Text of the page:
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You gotta get up and tri, tri, tri

I did it! I completed my first triathlon!

February was a rather inauspicious month, since I got really sick (for two whole weeks) and it pretty much derailed any sort of training I had planned to do for anything.

That said, while I was super nervous going into it, I had faith that I could at least finish. This triathlon, put on by Almaden Valley Athletic Club, is what they call a super-sprint distance:

400yd lap swim
5mi stationary bike ride
2mi outdoor run

So yeah, shorter than a sprint tri, but it was still my first triathlon of any sort, and as a result, I was super, super anxious. It's funny, because I know that I can handle each of those legs individually (especially with training), but put them all together and slap the word "triathlon" on it, and I was scared s**tless.

AVAC is SUPER nice (as a facility), and all the people I met who work there were super nice too. So even though I was terrified, they definitely made me feel encouraged and welcomed. They had the tri set up so that five people were going at a time (because there are only five lanes in their pool), in waves spaced 15 minutes apart. If you took longer than 15 minutes to complete the swim, they would have you split lanes with the next person, and they had extra bikes set up on the deck right next to the pool (so we didn't have to travel too far to start the second leg). I was glad to be in one of the earlier waves, because it meant that no matter how long I took, I wouldn't be the VERY last person out there, since the last wave wasn't even starting until 3 hours after mine did. We set up our shoes and things on tables ("transition area"), and we each had a "Personal Motivator" - someone to cheer us on, count our laps, adjust our bike settings, and write down our official time splits. That was a first for me - I've been running races since before timing chips, and I've never had an actually live person keeping my time for me before :) (Shout-out to Ashley! Thanks girl!)
Bikes were under those canopies. Rain was imminent.

I was in the third wave, and the person in my lane right before me finished with a few minutes to spare, so I was able to get in a short warmup before starting. I used to be a competitive swimmer in college (not a good one, but I participated, and I even lettered!), but 400s were not my event, so it was definitely not going to be easy even if I had trained. I also found out that one end of the pool would only be 2.5 feet deep, so even for a short person like me, flip turns would be a bad idea. (I ended up doing all touch turns anyway - I haven't done flip turns for a while, and I didn't have enough of a chance to get used to the timing.) I think I started out at a fairly good clip, but got really tired about halfway through, so I slowed down a lot, and ended up the last person from my wave to get out of the pool. Even so, I finished well before the next wave was supposed to start, so... I know it didn't take me longer than 15 minutes :)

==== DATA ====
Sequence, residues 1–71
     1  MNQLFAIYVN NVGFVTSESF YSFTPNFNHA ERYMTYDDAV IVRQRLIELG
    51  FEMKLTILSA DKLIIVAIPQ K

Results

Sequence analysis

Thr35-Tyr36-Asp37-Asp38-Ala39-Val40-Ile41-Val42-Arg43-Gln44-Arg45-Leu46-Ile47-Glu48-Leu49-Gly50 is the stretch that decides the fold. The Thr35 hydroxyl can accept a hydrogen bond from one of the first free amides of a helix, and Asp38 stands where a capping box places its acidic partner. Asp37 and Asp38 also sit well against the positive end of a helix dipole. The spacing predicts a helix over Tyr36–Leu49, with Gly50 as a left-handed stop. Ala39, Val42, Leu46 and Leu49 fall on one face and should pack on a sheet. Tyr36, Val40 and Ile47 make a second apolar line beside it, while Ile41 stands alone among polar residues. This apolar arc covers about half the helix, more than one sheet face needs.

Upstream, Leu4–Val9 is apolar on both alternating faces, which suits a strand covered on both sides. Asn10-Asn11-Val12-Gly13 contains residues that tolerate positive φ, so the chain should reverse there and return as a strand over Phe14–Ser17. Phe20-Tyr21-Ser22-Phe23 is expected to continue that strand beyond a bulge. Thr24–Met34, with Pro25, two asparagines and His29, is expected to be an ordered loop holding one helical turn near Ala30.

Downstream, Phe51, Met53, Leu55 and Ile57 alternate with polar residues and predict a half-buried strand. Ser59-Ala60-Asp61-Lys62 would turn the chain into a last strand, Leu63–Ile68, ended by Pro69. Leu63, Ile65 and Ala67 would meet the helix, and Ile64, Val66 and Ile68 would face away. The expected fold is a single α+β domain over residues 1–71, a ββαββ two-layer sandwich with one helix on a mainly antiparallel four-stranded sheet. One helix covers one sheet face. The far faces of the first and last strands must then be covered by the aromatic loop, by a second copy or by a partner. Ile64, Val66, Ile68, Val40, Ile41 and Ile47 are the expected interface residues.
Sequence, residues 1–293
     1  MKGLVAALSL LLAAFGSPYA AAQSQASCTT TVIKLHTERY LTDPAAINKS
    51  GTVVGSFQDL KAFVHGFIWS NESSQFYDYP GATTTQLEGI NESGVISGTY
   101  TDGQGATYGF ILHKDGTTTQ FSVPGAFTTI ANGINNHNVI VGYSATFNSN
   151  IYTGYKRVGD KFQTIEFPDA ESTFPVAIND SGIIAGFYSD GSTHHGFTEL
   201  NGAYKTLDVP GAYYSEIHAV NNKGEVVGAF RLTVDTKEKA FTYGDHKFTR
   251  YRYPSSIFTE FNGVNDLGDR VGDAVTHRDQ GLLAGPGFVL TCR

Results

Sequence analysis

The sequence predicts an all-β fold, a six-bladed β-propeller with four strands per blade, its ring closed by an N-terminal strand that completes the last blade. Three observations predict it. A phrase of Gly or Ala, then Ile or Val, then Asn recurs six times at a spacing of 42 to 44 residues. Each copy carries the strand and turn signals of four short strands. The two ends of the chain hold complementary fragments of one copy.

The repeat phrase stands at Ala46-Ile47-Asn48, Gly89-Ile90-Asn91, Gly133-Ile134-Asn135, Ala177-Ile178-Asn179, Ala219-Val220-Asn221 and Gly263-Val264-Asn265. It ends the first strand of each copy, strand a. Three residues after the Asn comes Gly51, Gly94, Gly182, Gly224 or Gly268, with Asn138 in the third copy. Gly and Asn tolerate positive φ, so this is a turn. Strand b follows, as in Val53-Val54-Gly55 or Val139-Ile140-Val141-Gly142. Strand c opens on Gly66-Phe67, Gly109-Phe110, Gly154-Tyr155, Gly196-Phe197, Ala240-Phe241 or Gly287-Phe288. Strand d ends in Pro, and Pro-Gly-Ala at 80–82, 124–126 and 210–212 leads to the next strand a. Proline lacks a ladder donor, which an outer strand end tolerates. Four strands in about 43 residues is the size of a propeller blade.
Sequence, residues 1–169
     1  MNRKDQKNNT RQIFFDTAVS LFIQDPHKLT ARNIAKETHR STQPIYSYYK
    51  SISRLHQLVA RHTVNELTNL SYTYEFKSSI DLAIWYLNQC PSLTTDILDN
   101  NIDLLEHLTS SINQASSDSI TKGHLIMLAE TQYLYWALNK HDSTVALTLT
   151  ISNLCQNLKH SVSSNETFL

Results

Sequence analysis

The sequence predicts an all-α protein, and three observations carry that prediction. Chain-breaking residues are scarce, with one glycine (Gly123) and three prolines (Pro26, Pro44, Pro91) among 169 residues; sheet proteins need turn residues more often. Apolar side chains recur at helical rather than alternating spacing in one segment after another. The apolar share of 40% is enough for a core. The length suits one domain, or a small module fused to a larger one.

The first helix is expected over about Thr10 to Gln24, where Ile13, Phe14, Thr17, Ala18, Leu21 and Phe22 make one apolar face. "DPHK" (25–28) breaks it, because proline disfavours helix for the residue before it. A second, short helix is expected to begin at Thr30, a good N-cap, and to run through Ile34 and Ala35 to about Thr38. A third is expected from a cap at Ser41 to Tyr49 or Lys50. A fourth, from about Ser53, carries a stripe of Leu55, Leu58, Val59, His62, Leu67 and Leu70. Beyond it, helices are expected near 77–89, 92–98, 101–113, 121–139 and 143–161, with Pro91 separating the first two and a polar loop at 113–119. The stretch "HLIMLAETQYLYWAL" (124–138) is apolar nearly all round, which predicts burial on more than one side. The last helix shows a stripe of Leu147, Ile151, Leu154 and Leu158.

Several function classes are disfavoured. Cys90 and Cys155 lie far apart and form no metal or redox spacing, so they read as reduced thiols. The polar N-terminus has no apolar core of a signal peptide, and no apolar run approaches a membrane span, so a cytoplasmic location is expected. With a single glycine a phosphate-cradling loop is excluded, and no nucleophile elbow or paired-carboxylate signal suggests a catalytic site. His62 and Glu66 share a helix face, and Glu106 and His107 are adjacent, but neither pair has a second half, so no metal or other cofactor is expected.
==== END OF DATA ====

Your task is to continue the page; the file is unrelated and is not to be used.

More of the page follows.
I hopped out and struggled into my capris and socks and shoes. With the exhaustion and the slight dizziness, and all the wet skin, this took way  longer than I would've liked. I felt like it took me forever, from the second I got out of the pool to the second I started pedalling. Note for next time: jammer suit!

This part was fairly straightforward. My quads were burning a little, but I finished it in about 13 minutes. (I got to watch the clock for this one.) Whether due to the distance or to my better level of fitness, I didn't feel as wobbly after this leg as I did for the duathlon I did in May, and I didn't have to put on or take off anything, so my second transition was much faster.

The last leg was a 2 mile run through the surrounding neighborhood, and by all accounts this should have been a BREEZE for me. However, the best laid plans go oft awry, and I found myself having to walk a lot thanks to some twinges of pain in my hamstring and a side stitch. And I don't remember the last time I had to deal with side stitches, so this was an unusual occurrence for me, because I'm normally fine when I run. There were volunteers on every corner to cheer us on and direct us where to go, and I was greeted at the finish line by Ashley (writing down my time) and a group of young cheerleaders. As I made my way back to the staging area, someone placed a medal around my neck (which I wasn't expecting, because I thought that they weren't doing medals for this race), and that was that. I'm hesitant to officially call myself a triathlete (even though, technically, I have completed a triathlon), but I definitely felt accomplished as I sat down with my post-race bagel.

I'm still waiting to find out my official time and splits, but I think I had already been in the middle of slathering cream cheese on my bagel when the MC announced that it was 9:30 - an hour since my start time. So as far as I know, I finished the whole thing in under an hour :)

Edited to add:
Official splits! I did both the swim and bike portions in 10:16 each. (Weird, they were the same!) Faster than I actually thought! And my run portion was 26:29, which was also faster than I thought, because I walked so much. Including transition times, my total finish time was 49:35.

When all was said and done, it was a really fun, low-pressure experience despite my nervousness. Now that I know what to expect, I think I could definitely do this again. It was a great introduction to the world of triathlons, and I don't know if I will end up doing a longer one or not (especially with my packed training schedule this year), but I'm really glad I decided to do this one.

Next up: I don't have another race planned until Tinkerbell #4 in May. Right now, I'm focusing on getting back on track with my training schedule and learning how to play quidditch :)